Toni remained in the house as people came to sit vigil and she looked like an angel. The stillness was profound.
The lid of the casket was exquisitely decorated by Roberta and Steve to decorate, and the lid was a piece of art! The inside was lined with sky and clouds, and on the outside of the lid, Roberta had painted two huge 5’ angel wings and glued feathers on them. Toni & Gene’s favorite statement was, “It’s never what you think it is. Anything can happen,” which was painted around all the sides of the lid. It was one of the truly most magnificent things to see, and exactly what Toni would have imagined! She went out in Toni style, glittery, glamorous and simple, all at the same time, with love ushering the way.
Celebrating Toni’s life was easy. She was a most loveable/spiritual human being, filled with kindness and compassion – along with an outrageous sense of humor that eased the bumpy ride so much. We all learned so much about life from her dying experience. She was such a courageous trooper, a great student of the universe, and an inspiring teacher. It was absolutely a blast honoring her in the way we did.
Within 24 hours we created her Funeral program, and 250 people showed up, singing songs, and sharing stories. We had speakers outside and videographers and singing and sharing and, well, the BEST CELEBRATION OF LIFE EVER! This had been my goal in respecting Toni as the glitzy loving actress would have wanted. We were all dressed in white too, according to Toni’s favorite choice color.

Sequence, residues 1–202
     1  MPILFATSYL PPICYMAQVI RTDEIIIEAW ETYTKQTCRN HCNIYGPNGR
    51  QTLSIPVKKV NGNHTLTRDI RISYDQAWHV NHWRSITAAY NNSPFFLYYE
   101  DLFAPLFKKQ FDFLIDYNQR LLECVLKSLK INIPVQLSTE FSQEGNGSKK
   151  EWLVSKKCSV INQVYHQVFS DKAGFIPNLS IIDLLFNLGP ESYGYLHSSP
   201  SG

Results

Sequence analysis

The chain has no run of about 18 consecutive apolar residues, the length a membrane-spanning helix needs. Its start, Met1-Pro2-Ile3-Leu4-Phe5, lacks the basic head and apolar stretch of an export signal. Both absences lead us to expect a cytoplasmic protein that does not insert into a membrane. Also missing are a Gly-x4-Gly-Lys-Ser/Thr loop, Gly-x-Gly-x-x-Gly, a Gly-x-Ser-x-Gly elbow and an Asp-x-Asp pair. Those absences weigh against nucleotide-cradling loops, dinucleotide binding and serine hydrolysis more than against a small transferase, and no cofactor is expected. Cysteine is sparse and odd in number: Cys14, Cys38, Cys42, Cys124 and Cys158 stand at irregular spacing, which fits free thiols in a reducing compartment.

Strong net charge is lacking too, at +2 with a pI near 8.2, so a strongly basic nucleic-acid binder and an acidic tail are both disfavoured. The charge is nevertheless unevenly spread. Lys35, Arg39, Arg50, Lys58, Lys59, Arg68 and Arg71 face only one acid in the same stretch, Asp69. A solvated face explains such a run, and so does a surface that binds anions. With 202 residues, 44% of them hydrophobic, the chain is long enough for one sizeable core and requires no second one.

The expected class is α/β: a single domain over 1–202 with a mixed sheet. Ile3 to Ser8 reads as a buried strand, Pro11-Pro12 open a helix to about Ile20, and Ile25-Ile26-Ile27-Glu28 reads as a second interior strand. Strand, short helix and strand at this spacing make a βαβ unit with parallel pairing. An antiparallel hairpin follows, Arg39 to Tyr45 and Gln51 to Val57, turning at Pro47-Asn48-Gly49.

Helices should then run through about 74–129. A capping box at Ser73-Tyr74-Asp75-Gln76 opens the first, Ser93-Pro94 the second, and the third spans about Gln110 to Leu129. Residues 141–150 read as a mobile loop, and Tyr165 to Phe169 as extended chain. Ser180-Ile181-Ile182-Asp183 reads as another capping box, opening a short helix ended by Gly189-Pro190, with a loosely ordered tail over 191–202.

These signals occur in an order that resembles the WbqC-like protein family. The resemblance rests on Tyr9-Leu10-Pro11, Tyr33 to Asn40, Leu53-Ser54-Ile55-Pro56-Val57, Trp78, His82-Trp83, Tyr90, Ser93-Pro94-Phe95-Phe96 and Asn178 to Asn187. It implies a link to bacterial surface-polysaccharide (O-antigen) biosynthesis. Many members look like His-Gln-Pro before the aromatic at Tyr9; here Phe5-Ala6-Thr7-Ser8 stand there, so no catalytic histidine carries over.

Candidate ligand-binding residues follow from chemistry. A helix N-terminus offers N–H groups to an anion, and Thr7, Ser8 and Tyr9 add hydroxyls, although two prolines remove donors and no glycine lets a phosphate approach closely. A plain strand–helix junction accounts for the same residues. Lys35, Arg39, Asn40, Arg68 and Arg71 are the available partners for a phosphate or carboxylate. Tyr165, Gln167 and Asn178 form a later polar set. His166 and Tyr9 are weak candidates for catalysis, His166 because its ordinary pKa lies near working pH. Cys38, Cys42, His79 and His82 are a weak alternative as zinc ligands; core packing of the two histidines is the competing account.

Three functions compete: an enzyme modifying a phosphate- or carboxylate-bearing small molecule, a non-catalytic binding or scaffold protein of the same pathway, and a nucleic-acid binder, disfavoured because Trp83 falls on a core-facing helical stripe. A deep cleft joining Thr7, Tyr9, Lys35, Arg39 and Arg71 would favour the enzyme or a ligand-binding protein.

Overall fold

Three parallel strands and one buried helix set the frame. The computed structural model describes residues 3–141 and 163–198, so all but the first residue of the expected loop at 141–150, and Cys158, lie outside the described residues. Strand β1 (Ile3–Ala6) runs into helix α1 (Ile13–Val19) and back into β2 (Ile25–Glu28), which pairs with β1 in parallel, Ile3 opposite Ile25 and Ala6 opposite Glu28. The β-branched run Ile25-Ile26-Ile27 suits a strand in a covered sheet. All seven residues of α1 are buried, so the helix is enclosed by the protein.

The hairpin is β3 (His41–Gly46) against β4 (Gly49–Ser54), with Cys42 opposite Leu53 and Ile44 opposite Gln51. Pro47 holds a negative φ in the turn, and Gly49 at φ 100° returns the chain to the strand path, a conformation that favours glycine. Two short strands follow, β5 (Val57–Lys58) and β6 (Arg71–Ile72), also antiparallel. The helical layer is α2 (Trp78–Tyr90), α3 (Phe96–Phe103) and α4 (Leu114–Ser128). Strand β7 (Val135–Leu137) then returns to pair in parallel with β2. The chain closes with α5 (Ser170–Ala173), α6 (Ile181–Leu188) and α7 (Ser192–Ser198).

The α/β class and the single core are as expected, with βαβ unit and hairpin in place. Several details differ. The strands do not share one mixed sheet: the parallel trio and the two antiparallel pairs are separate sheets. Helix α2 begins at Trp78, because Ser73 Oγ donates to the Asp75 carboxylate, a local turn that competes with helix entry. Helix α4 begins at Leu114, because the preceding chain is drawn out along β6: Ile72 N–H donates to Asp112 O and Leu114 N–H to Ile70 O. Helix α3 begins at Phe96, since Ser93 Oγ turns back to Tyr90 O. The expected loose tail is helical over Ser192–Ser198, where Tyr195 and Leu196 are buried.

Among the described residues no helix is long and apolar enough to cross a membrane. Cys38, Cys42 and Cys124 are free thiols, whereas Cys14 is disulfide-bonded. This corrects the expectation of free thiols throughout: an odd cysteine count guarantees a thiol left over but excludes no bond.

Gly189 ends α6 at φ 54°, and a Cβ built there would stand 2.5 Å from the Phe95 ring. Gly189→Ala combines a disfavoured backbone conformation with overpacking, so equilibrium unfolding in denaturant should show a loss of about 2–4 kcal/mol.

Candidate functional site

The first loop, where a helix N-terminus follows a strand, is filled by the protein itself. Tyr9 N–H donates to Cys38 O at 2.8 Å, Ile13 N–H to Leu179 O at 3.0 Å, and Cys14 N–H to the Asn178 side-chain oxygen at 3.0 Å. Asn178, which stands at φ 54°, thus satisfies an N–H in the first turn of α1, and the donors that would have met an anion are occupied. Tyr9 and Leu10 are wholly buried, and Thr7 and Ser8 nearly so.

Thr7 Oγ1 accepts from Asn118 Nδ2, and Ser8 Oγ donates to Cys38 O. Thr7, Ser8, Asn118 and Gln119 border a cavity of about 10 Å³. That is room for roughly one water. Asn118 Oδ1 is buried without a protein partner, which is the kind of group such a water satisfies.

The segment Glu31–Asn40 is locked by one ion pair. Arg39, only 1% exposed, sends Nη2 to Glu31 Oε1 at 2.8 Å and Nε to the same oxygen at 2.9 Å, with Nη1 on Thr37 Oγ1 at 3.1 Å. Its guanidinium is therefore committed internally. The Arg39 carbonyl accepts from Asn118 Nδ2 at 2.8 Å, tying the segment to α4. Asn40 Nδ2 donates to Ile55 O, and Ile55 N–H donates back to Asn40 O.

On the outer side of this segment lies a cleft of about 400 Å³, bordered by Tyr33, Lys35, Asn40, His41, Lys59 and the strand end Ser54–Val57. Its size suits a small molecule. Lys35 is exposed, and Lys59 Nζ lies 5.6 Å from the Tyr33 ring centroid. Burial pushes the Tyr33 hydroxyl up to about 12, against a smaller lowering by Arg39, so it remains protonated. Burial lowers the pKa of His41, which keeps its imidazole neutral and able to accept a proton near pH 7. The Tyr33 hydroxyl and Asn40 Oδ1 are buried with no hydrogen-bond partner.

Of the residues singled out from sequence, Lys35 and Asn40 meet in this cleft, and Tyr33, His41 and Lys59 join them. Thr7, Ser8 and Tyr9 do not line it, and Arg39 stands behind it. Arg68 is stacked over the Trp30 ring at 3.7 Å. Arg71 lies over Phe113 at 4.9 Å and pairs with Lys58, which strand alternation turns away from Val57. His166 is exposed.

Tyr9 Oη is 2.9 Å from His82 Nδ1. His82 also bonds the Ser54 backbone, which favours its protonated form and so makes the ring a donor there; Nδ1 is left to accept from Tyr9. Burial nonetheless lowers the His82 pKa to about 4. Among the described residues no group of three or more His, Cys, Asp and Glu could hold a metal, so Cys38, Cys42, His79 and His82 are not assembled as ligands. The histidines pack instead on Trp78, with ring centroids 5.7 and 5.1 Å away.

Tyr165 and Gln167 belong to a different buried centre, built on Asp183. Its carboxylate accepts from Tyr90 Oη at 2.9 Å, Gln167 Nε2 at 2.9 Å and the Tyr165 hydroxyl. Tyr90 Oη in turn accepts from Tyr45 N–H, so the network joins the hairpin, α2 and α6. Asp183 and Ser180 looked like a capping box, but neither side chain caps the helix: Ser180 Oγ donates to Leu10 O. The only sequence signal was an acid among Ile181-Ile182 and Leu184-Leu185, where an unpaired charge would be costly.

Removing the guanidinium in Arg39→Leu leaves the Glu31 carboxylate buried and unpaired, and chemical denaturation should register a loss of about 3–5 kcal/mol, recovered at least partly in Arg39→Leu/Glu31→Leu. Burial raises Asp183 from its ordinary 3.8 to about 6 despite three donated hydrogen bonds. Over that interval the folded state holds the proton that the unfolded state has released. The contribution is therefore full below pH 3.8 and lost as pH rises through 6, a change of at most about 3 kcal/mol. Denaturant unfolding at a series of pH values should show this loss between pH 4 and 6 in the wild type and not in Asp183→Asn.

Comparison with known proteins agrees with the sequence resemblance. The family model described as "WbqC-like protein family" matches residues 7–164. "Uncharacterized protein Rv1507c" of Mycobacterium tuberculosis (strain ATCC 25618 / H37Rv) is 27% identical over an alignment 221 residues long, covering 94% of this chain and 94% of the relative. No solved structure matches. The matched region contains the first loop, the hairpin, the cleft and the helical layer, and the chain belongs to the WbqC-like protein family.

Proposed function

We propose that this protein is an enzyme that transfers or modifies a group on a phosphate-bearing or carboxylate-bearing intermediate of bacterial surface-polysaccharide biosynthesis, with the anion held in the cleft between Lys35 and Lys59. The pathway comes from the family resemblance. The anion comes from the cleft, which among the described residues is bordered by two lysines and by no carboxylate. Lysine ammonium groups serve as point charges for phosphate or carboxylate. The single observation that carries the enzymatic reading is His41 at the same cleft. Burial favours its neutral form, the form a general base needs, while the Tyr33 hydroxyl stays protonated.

Midway into the ceremony, we released the doves I ordered, whilst Toni was placed in the hearse. One dove escaped and flew away, and I still held a female one representing Toni.
Her proud and honored eight pallbearers reverently carried Toni’s beautiful casket outside, and two men from the Neptune Society transferred Toni’s casket into the car, closed the door, and slowly drove away. I then released the dove I held, and it circled us three times before it flew away. It was inexplicably strange and wondrous to witness.
The celebration of her life oozed with an overwhelming sense of love, so much so, you could feel it in the air, filled to capacity, bursting at the seams with a deep sense of gratitude, appreciation, and healing.
Another Celebration of Life for the House!
We not only said goodbye to Toni, but to an era. We were saying goodbye to their memory-filled house too, where she and Gene had shared together for more than 20 years, along with all the people who celebrated 20 years’ previous Xmas parties together, standing around the baby grand piano, while Gene would play… all of us singing their songs from the shows they wrote and other Broadway show tunes.